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Touristification and Displacement

Gentrification impacts the affordable housing stock and displaces lower income residents of neighborhoods through the arrival of a higher-income creative class. This demographic change leads to economic changes within the landscape that create an environment that is no longer sustainable for its lower income residents, forcibly displacing them into other lower income neighborhoods. Touristification, or tourism-based gentrification, has a similar effect on the affordable housing stock of a neighborhood. This paper will explore the case study: Cartagena de Indias, Colombia under the scope of tourism-based gentrification and its impact on the affordable housing stock. 

Within the last 50 years of city development, there has been a strong focus on tourism as an economic driver. This is largely noted in the Historic Center, which saw high-income sectors restoring homes within the historic walled city as second residences, leading to upper-middle-income families procuring apartments within different historic properties as second homes. This process aided in conserving many historic colonial heritage buildings, as private investments accompanied efforts by the national government to conserve the fortification of the walled Historic Center. However, more recent investments have been directed towards creating temporary accommodations for vacations through hostels and hotels, creating a recreational identity within the walled colonial city.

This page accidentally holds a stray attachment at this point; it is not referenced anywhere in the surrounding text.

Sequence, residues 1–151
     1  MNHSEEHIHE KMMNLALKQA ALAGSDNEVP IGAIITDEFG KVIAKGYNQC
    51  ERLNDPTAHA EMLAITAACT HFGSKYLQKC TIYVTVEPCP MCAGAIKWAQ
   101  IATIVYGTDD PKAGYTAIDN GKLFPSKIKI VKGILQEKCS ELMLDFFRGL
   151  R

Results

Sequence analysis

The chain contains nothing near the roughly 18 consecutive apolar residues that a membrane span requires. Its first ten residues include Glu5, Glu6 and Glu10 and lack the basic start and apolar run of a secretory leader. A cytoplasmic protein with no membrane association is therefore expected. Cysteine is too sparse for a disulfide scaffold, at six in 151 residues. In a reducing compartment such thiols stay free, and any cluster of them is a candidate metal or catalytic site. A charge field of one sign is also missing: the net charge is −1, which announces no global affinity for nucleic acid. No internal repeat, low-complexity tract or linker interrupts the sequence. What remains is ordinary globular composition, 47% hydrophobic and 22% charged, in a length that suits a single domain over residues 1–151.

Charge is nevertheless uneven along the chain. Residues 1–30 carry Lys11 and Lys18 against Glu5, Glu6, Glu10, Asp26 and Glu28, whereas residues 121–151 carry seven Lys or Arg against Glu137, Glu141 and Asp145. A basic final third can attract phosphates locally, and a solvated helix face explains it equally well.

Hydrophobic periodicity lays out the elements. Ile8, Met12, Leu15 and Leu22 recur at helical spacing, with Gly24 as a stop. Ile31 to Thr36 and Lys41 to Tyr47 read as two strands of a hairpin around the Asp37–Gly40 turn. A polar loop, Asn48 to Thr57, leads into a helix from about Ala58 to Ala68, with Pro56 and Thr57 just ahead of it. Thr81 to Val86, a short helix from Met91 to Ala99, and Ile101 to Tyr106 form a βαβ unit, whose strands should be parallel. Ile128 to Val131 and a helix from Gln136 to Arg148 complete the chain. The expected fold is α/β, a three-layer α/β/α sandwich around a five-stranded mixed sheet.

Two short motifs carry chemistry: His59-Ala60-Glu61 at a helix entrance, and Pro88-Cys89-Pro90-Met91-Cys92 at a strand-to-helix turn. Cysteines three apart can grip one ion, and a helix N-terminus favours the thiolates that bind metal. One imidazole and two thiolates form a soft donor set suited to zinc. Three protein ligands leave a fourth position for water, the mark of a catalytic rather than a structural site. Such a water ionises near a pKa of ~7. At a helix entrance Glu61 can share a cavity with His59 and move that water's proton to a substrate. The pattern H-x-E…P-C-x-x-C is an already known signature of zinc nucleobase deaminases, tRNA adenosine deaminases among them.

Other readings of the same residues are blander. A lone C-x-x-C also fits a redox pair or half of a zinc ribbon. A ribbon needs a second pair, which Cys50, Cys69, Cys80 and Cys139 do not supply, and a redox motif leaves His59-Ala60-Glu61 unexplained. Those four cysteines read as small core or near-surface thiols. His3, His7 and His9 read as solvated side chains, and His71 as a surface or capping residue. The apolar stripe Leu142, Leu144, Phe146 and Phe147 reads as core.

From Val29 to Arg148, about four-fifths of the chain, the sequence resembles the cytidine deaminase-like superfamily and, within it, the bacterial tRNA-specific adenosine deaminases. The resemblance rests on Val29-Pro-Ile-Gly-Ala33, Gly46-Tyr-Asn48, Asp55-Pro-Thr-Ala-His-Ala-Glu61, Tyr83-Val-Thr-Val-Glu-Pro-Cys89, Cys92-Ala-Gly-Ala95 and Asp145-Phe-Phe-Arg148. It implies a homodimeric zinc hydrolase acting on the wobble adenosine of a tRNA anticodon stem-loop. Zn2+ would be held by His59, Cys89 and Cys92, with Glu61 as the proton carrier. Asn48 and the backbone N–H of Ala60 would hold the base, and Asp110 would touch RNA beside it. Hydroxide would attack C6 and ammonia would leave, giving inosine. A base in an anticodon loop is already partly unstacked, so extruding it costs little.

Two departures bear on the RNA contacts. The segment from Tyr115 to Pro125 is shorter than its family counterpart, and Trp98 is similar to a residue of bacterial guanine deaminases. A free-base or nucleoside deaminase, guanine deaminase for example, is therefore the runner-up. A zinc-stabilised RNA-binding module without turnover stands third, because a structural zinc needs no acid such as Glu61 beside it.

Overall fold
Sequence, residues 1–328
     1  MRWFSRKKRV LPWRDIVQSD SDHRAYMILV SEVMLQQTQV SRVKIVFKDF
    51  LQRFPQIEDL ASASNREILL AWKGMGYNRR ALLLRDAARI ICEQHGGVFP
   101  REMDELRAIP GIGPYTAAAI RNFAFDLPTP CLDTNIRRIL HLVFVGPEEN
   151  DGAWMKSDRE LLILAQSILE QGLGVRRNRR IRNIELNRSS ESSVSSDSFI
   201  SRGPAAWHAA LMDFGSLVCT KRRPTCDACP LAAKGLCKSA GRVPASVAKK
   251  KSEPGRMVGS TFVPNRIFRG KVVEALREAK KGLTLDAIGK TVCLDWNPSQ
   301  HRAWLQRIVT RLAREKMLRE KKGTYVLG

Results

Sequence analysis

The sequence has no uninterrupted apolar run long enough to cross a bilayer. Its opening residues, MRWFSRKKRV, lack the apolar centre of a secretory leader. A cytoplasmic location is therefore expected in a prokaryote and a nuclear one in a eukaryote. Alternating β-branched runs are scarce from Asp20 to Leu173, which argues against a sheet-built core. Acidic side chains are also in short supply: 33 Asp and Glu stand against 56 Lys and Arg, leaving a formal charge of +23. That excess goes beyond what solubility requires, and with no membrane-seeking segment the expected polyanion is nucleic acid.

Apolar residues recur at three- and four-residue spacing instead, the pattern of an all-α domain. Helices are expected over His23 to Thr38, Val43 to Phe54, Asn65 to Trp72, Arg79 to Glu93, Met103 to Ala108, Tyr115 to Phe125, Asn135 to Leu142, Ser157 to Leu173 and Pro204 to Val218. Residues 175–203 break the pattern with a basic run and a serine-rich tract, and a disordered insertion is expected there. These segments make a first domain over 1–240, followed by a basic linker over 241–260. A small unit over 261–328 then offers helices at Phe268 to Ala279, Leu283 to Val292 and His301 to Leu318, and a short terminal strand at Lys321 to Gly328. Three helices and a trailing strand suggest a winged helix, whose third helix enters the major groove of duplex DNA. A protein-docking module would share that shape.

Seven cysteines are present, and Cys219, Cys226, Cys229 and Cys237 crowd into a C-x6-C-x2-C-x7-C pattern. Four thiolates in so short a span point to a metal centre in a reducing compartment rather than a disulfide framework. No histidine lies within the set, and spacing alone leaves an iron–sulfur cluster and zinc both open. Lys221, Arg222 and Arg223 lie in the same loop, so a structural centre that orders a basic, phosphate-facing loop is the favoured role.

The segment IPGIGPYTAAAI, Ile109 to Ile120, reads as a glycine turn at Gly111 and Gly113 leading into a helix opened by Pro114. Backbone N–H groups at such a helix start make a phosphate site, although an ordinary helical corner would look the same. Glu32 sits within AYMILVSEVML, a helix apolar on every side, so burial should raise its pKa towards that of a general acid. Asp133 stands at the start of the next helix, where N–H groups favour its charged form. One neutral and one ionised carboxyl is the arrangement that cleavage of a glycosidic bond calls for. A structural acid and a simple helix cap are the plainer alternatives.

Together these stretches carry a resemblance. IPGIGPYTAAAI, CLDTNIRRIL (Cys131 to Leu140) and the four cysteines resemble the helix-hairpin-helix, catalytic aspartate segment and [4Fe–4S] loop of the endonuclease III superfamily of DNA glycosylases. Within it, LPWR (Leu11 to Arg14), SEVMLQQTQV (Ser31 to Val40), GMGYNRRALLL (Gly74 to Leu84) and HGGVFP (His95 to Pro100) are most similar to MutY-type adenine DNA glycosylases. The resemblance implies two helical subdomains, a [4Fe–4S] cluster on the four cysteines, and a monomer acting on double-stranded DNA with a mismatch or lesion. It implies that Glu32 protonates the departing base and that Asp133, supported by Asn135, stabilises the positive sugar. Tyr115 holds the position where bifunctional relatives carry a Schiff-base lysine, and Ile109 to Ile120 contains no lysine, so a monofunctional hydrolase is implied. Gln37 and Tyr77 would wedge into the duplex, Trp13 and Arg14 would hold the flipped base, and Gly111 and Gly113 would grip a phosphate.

The focus on tourism within Cartagena, Colombia began in the early 1960s, as President Lleras  Restrepo deemed it a national priority.[1] The Corporación Nacional de Turismo was initiated as the main entity in charge of attracting investment within the tourism sector of the country, and Cartagena was the crown jewel. Tourism became a way to rectify Colombia’s image of violence and drugs to a more welcoming sun and sand destination. The development initially targeted Bocagrande, focusing on the narrow peninsula’s beaches. This prompted the development of infrastructure that targeted hotels and future expansion within the neighborhood. Investment came from the Colombian elite, as well as drug traffickers,[2] who helped develop infrastructure, high rises, hotels, and condominiums.

Within the development of the tourism sector in Bocagrande, the neighborhood began to see different economic assets introduced into the urban fabric. Cartagena was branded as a destination for “sun, sand, and sex,”[3] and as a result, discotheques, casinos, travel agencies, hotels, restaurants, and jewelry stores began to sprout up in the neighborhood to attract and maintain touristic interests. The neighborhood became known as “New Miami” due to the many white high rises filling up its skyline.